The Top 5 Monarchs Who Still Have Real Power

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Perhaps part of the reason people so enjoy watching things like Queen Elizabeth’s Diamond Jubilee celebration or royal weddings is because they know that modern “royals” are all about the pomp and ceremony, not about the power and governance. Long gone are the days when a person became king or queen and ruled over the masses merely because they happened to be conceived by people who happened to be king and/or queen. Except in a few places where those days are not gone, that is. Believe it or not, even a decade into the 21st century, there are still monarchs who rule over their subjects as if they were, well, subjects!

5 Yes, We Still Have Sultans, Apparently

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The nation of Brunei is located on the island of Borneo, which it shares with Indonesia and Malaysia. Brunei has the distinction, however, of being ruled by a sultan. His name is Hassanal Bolkiah and the official government he oversees is termed an “absolute constitutional monarchy.” That seems like a wild contradiction to us, but having never been the sultan of anything, we guess we just don’t understand it well enough.

4 Try to Follow All This

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The Kingdom of Bhutan is perched between India and China, and it is a place of mountainous beauty and confusing politics. It was ruled by an absolute monarchy for many generations, but under King Jigme Singye Wangchuck it was allowed to transition to a constitutional monarchy around the recent turn of the century. The king then took another step toward democracy when he allowed elections for two parliamentary bodies to take place a decade ago. The king then abdicated power … but he handed it over to his own son, the crown prince. So they’re getting there.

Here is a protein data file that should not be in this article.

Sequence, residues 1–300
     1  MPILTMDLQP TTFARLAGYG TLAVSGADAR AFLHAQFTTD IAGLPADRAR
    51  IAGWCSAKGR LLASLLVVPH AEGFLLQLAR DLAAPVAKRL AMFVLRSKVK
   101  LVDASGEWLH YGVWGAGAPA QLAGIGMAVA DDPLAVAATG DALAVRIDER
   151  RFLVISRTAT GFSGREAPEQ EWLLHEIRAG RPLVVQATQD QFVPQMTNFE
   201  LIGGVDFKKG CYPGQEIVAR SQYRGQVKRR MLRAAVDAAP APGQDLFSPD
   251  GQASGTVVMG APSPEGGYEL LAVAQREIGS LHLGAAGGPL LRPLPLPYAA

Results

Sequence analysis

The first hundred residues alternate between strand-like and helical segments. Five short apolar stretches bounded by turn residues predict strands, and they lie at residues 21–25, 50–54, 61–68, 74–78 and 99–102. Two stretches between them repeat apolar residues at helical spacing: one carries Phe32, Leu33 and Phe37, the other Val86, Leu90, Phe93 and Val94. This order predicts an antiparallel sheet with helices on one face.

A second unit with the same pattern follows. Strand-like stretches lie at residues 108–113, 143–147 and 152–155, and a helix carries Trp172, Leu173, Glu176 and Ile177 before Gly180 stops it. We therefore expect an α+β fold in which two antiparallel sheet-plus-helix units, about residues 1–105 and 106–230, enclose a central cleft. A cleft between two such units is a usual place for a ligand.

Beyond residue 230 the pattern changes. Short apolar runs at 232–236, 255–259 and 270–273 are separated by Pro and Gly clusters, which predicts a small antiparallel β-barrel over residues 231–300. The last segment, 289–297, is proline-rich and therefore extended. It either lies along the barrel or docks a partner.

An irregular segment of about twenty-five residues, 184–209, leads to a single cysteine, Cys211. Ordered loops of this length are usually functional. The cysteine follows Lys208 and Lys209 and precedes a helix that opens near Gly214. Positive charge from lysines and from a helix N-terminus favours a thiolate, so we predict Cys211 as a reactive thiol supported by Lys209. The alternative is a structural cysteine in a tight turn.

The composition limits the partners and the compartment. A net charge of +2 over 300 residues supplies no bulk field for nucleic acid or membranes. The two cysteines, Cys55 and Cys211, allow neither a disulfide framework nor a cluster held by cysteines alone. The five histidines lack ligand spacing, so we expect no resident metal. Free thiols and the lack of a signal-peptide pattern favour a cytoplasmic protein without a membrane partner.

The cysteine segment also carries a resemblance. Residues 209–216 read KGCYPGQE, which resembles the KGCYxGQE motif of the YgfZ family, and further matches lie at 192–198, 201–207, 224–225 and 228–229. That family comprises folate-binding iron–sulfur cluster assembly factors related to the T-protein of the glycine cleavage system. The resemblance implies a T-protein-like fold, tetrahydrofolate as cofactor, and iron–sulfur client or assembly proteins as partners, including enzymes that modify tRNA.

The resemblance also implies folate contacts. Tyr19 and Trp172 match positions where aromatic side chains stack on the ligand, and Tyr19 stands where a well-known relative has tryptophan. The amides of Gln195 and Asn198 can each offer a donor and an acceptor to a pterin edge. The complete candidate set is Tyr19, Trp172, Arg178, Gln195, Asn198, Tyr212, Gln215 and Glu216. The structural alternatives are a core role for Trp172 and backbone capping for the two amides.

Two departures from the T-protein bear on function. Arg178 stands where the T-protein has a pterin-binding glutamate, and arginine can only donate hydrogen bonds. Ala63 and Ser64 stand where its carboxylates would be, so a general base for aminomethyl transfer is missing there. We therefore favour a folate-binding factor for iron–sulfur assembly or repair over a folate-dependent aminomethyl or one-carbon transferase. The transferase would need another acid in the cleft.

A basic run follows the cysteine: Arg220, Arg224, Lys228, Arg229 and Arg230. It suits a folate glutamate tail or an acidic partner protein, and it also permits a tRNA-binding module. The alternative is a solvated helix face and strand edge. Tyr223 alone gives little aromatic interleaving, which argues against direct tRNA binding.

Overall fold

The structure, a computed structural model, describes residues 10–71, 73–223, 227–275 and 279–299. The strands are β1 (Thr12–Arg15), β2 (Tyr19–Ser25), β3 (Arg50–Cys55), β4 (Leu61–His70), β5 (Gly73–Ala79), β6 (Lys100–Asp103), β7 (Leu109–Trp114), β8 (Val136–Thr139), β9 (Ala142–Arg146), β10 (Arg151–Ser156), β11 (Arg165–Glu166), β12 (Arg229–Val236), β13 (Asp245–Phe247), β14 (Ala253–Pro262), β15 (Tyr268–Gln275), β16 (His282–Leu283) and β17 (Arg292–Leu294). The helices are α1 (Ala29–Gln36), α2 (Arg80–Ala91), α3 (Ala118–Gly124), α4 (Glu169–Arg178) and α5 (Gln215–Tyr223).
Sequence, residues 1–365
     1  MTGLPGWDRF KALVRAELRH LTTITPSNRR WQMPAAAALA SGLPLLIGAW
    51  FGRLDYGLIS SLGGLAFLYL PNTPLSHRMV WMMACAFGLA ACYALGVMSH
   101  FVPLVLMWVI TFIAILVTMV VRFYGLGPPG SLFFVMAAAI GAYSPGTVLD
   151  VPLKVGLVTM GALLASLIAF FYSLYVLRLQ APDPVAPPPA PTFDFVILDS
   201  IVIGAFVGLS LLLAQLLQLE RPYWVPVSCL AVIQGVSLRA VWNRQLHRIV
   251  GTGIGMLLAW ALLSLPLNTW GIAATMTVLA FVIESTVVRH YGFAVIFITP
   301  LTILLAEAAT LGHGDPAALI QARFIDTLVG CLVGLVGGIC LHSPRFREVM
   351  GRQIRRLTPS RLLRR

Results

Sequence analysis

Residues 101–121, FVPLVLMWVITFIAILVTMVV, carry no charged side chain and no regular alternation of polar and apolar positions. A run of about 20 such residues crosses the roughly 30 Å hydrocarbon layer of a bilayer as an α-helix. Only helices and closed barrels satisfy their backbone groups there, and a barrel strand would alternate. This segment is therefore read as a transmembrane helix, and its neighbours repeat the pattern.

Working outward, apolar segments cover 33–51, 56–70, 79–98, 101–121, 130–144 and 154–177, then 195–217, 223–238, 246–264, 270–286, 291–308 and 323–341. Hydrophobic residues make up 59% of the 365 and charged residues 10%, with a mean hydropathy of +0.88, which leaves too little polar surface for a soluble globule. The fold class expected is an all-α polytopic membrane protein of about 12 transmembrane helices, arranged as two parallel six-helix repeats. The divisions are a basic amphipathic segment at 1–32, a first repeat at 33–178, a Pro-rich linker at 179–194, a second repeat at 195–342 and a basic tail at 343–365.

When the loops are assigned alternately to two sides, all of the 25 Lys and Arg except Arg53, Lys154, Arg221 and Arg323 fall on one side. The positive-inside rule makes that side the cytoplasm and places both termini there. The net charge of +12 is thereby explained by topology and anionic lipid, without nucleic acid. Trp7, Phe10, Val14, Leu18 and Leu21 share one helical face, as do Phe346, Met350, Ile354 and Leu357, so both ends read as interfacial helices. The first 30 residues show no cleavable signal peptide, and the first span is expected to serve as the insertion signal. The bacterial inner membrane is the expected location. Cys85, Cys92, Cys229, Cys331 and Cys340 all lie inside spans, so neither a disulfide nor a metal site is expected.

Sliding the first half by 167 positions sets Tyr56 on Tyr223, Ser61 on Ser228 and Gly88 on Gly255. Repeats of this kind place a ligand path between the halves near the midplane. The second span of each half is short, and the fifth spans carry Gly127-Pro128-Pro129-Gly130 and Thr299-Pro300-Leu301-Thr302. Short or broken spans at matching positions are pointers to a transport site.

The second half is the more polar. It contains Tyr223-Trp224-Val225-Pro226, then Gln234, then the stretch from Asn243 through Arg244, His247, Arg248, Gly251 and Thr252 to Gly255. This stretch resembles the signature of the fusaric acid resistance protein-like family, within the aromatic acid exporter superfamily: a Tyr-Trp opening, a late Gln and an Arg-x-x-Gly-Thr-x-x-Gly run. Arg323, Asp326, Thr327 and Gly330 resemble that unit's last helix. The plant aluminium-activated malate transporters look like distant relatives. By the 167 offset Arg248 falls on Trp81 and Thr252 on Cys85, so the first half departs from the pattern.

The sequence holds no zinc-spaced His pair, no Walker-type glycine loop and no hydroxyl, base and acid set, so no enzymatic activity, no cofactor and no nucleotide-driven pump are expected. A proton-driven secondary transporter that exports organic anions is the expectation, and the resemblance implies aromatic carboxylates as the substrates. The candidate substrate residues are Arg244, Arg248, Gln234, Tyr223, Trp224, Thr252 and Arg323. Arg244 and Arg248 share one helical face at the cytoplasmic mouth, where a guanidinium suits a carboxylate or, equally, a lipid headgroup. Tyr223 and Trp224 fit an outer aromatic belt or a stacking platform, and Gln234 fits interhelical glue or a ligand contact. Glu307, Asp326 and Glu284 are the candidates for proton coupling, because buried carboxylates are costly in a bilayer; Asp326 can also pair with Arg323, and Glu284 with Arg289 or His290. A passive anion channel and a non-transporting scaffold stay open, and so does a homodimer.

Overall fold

3 And He Looks Great on a Motorcycle, Too

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Abdullah II, the King of Jordan, (AKA the Hashemite Kingdom of Jordan) is both a thoroughly modern monarch, and also a guy who clearly enjoys being himself. He took the throne in 1999, and is currently only in his early 50s – young by today’s monarchical standards. He has been hailed as a “modern king” who behaves more like an elected official than an absolutist. And not only is Abdullah II the king of a country, but he has also made a cameo on “Star Trek”! What more could anyone ask for? Other than full democracy, we mean.

2 It’s Not Hereditary, But It’s Absolute

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OK, so technically the pope is kind of an elected official, if you can count a secretive conclave of cardinals as electors in the democratic sense. But once a pope is pope, he rules for life. Or, every few hundred years, until retirement. The Vatican is one of the world’s smallest countries, and as its head of state, a pope wields power over only about 800 people and less than a square mile, but his ceremonial powers? Those go pretty far.

1 It Pays to be the King

Saudi Arabia is often referred to as “The Kingdom of Saudi Arabia,” so it should come as little surprise that the country is ruled by a king. The current king, born in 1924 and ruling since 2005, goes by the name King Abdullah, because his full name is (take a breath): Abdullah bin Abdulaziz bin Abdulrahman bin Faisal bin Turki bin Abdullah bin Muhammad bin Saud. There is far too much to say about this guy here, so we’ve chosen just one fact for you: His net worth is estimated at around $21 BILLION.

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